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There's a story that's been doing the rounds in the ZA press entitled; "Your private Facebook messages can be used in court against you even if you were hacked" It details a case "Harvey v Niland and Others" in the South African High Court, Eastern Cape Division where Facebook messages were deemed admissible in a case, despite having been obtained illegally. This is pretty attention grabbing, and could have far reaching implications. Could someone hack my WhatsApp/Gmail/Facebook and use my private conversations to implicate me in a crime? What does this mean for my right to privacy over my communications, and does it change the status quo? Could out intelligence services hack citizens for mass dragnet surveillance ala the NSA? Does this have implications for the Cybercrimes bill?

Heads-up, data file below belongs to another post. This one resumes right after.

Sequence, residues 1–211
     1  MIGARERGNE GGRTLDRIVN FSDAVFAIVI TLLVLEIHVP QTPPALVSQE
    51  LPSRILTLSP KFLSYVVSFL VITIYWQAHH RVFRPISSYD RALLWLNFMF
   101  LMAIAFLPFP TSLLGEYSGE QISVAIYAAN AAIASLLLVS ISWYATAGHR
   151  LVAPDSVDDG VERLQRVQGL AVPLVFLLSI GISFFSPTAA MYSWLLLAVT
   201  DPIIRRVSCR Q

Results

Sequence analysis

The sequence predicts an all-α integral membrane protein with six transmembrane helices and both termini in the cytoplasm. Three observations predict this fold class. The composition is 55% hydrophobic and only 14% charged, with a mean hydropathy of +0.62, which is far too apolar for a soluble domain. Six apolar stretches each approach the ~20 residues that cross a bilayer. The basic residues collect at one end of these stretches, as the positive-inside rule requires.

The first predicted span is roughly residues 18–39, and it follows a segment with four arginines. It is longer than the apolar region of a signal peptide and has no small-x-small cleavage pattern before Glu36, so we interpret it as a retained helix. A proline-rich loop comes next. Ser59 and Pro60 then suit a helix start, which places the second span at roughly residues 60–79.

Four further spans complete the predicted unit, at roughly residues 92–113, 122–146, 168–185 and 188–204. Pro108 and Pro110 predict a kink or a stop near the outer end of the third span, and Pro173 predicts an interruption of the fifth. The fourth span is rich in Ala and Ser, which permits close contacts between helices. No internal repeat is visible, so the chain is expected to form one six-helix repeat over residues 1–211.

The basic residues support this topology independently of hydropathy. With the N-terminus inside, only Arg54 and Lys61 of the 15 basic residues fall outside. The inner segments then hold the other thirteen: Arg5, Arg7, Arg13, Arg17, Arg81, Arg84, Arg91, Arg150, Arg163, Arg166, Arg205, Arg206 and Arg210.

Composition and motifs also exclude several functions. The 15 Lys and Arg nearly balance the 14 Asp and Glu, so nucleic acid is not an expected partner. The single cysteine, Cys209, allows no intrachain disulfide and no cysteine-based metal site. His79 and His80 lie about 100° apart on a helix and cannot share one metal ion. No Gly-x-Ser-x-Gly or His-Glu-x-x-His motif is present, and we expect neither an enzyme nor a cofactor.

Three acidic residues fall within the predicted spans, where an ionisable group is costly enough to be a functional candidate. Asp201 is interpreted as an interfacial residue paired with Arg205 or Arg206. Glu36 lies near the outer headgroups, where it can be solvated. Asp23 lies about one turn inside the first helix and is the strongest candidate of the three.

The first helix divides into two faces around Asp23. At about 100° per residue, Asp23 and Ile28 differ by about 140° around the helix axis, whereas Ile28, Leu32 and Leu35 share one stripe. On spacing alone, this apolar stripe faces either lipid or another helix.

Since it was a pretty attention grabbing headline, I sought out the full text of the judgement to understand the, usually carefully considered and well reasoned results. The heart of the case is about whether Niland had acted in opposition to his fiduciary duties to the CC he remained attached to, and the Facebook messages were used to show he had violated this. I'm going to ignore this and focus on the part relevant to infosec, privsec and citizens; can someone hack you and use that as evidence in a case? Sections - of the judgement provide the details of what happened; an employee at Harvey's organisation claimed to know Niland's Facebook password. Harvey asked this employee to log in as Niland and check the private messages for evidence, which they did. The messages show Niland is guilty. Niland disputes that he had given his password, and claims he was hacked. No more technical details of how the messages were obtained was provided. If I had to guess, I suspect Niland left himself logged in to Facebook on one of the company machines, or had an easy to guess password (written on a post-it left under his keyboard?) or had in fact told the other employee a password to something else, and just re-used it. Sections [38-53] of the judgement deal with the admissibility of the Facebook messages. Niland's attorney argued that hacking the Facebook messages is a crime according to the Electronic Communications and Transactions Act 25 of 2002 (ECT Act) and should render the evidence inadmissible. Additionally, it was a violation of the constitutionally enshrined right to privacy [Section 14(d) of the Constitution of South Africa], which includes the right not to have the privacy of your communications infringed. The judge cited much case law and established the following four high-level counters to the above: One The ECT act is silent on whether acts marked as criminal negate their output being used as evidence. A prior case relating to phone tapping was cited where the Interception and Monitoring Prohibition Act 127 of 1992 too was silent on whether evidence obtained by phone tap was inadmissible, despite declaring such tapping a criminal offence. Interestingly, Niland's attorney sought to separate the two cases by arguing that the ECT act is a "game changer", the specifics of the argument are not disclosed, but the judge rejected the idea by citing the similarity in the two cases and acts as discussed above. Two Next, the judge cited a case describing the difference between a criminal and civil case. In a criminal case, the defendant has a right against self-incrimination, and doesn't need to help the state's case, however, in a civil case, the defendant is subject to discovery that includes information that may be harmful to their case. While the messages were not found in discovery (more on that later) their disclosure does fit the requirements of the civil case. Three The judge then tries to consider what rules he should operate under in further considering whether the evidence should be admissible. Here he cites a case where it was determined that the right to privacy "attenuates" the further away from "the home" (aka private life) one moves. In this case, the Facebook messages submitted were directly relevant to the business of Harvey and Niland, and messages related to Niland's private life were excluded. Thus, the right to privacy may be lessened in this case. Four Lastly, the judge tries to determine whether there were other, legal, means of obtaining this data, and concludes that there weren't. Harvey could have sued Niland for damages resulting from the suspected breach, and in doing so, would be entitled to discovery of the messages. I mentioned this above, in a civil case relevant information must be provided by the defendant, even if it hurts their case. This is why you often see internal e-mails from companies being cited in public court proceedings. If Harvey was worried that Niland would delete the messaged, he could ask for an "Anton Piller order. An "Anton Piller order" is a sort of surprise search warrant where the defendant is not informed. However, the judge believed that such a request would be dismissed as a fishing expedition since the messages are the basis of the case, without them the justification could not be made for such an order. And so, the evidence was admitted, and Niland was found guilty of breaching his fiduciary duties. Analysis I think at this point, it should be clear, that information obtained about you via illegal hacks cannot arbitrarily be used against you and admissible in court. It should also be clear, that in a civil case, you may be subject to discovery that would require such information to be disclosed anyway. And even in criminal cases, where you aren't required to disclose such information, it can still be obtained and used against you. For example, in the Oscar Pistorius case, detailed information about his WhatsApp messages between him and others, including deeply personal messages to his deceased girlfriend Reeva Steenkamp, as well as call records and even movement based on cell towers his phone was communicating with were provided. If you want to defend yourself, the easiest take-away is for you to regularly delete your private communications (WhatsApp, Facebook Messages, SMS, SnapChats, Twitter DMs, etc.) before they become relevant to a potential case. Meta-Analysis There are two things that I'd like to discuss in addition to this case. The first is the observation that we have a fantastic judiciary, with smart judges that apply their minds, and public records of such judgements are available. If you ever hear bombastic claims off the back of a case, it usually pays to read the actual judgement. The second, relates to the proposed Cybercrime bill. The bill attempts to pick up from the ECT act, as well as implement parts of the National Cybersecurity Policy Framework. It's first public draft received much negative attention about the privacy procedural implications of the bill. There's a call to get more technical experts involved. The case law considerations from this case are exactly why tech experts should be very wary about doing so. While any act would, of course, require accurate technical descriptions and assumptions, the bulk of the act will be interpreted outside of such technicalities, in much the way the judge did in this. As such, the implications of wording in the act can have significant unforeseen consequences. In my mind, it is significantly more important for legal minds, familiar with how acts are read during proceedings, to provide input, supported by technical experts.